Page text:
Researchers have studied the calls mated pairs of parakeets use to recognize each other in the lab.
The scientists previously knew that mated parakeets can recognize each other after they have been separated for 70 days.
They did not know whether they recognized each other on the basis of sound or sight.
To test this, researchers chose pairs of male and female budgies. Then they separated them.
The researchers did not allow the parakeets to hear or see each other.
Then the scientists played a recording of the male’s song to see if the female would call back, proving she remembered it.
The parakeet researchers tested the ability of female parakeets to remember calls in three different ways:
- They paired males and females at random, so the females weren’t choosing calls more like their own to mate with.
- Then they recorded males before they had paired with the females and they had begun to change the sound of their calls.
- Then the researchers played back calls to the female that weren’t like her own.
The scientists tested the female’s response to her mate’s call at one, two, and six months.
After a month, the female still responded to her mate’s call. Beyond that, the female didn’t call back to her mate.
It was known from other studies that parakeets are very good at remembering calls for up to 180 days.
So it seems that after a month the female still knows what her mate sounds like. But if he’s been gone for a month, she doesn’t care about him any more.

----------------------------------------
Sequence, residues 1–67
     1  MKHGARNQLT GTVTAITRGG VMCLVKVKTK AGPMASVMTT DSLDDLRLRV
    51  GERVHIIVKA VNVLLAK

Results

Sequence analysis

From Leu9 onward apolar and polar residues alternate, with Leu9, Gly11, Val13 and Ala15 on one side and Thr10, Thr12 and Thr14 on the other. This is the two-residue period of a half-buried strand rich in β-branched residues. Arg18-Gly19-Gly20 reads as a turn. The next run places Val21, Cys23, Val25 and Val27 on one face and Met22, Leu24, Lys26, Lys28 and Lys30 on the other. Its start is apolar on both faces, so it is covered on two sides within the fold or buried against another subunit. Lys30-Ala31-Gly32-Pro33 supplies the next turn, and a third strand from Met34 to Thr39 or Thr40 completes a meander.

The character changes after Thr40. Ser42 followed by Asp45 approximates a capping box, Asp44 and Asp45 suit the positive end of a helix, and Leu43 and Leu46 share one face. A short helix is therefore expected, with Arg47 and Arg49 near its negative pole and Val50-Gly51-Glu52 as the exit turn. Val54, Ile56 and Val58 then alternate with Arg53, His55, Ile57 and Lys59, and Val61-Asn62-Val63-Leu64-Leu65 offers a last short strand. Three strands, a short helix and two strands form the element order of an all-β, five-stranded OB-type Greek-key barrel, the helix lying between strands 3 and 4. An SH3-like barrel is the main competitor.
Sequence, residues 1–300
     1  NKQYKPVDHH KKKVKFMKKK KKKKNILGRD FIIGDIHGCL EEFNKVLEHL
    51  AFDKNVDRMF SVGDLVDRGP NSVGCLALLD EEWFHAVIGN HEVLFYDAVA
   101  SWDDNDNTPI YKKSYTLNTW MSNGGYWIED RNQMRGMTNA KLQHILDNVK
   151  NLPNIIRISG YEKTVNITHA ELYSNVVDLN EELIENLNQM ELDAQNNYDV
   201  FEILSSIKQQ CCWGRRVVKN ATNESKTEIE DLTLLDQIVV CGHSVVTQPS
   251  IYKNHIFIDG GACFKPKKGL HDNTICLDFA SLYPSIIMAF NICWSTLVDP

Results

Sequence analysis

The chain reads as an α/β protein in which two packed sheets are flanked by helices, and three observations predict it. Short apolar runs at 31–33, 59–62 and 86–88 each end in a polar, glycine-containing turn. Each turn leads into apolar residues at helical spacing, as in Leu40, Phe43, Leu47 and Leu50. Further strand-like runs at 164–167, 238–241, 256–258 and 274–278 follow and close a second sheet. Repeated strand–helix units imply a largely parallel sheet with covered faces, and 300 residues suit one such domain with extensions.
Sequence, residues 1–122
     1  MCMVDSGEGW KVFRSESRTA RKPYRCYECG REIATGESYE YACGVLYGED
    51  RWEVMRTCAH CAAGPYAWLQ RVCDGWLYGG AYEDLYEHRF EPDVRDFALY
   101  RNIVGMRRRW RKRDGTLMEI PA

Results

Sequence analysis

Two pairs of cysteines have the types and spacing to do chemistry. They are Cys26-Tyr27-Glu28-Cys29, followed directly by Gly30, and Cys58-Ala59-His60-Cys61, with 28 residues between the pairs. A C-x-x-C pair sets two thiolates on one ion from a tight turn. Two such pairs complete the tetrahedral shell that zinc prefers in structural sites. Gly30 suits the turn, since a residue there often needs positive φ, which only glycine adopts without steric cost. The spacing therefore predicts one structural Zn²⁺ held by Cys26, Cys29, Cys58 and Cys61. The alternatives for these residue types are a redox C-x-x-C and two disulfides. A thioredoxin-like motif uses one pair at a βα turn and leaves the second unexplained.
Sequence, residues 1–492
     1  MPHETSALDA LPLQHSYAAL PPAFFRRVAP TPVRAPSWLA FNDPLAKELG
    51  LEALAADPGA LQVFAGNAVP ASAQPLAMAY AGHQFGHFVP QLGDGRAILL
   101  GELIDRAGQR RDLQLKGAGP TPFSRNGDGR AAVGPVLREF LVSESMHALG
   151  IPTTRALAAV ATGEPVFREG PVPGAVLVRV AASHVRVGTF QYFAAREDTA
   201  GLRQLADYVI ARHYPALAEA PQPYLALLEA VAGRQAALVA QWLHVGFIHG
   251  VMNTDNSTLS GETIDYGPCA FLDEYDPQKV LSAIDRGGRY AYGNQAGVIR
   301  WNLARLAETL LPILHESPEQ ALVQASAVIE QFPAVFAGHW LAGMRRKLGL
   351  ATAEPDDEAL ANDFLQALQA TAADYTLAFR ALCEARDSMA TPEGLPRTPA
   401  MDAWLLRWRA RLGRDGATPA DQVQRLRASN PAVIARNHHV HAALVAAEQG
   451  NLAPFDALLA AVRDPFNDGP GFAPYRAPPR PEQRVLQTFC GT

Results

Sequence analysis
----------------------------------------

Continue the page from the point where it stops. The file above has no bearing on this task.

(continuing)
What does this tell us about how parakeets remember your call, or how you sound?
- When a parakeet is interested in you, it wants to sound like you. That’s probably why parakeets have the ability to learn words and phrases in human speech.
- When a parakeet hasn’t seen you for a few days, it is still happy to talk to you. This can last for about a month.
- But if you stop talking to your parakeet, your parakeet will stop talking to you.
Four Tips for Teaching Parakeets to Talk
Parakeets have the speaking ability on the same level as parrots.
It’s not hard to teach your parakeet to recognize you by talking to you, but there are some ground rules that make the process a lot easier.
First, make sure you are training a biologically male parakeet.
The female is more interested in training you to learn her calls than she is interested in learning your calls.
Female parakeets don’t imitate their mate’s calls very often, and they won’t talk to you very often.
They will make vocalizations. They may chirp. They sometimes imitate sounds in their environment.
There are a few females that do talk, but the great majority of parakeets that do talk are male.
The second tip for teaching a parakeet to talk is often overlooked:
Make sure that the parakeet you are training to talk to is the only bird in your house.
Many people complain that they have had parakeets for years and years and none of them have ever talked. That’s not hard to understand.
Parakeets naturally imitate the other birds in their flock. If you have two or more parakeets in a cage, they will spend much more time with each other than with you.
When you have a parakeet by itself, it will think of you, or other sounds in its environment, as its flock.
If you would like to have more than one parakeet that talks, train one parakeet by itself first. Give it a year or so to bond with you. Teach it all the sounds and phrases you want it to know.
Then, after a year or two, get a second parakeet. The second parakeet will regard the first parakeet as its flock. It will learn the words and phrases you taught your first bird.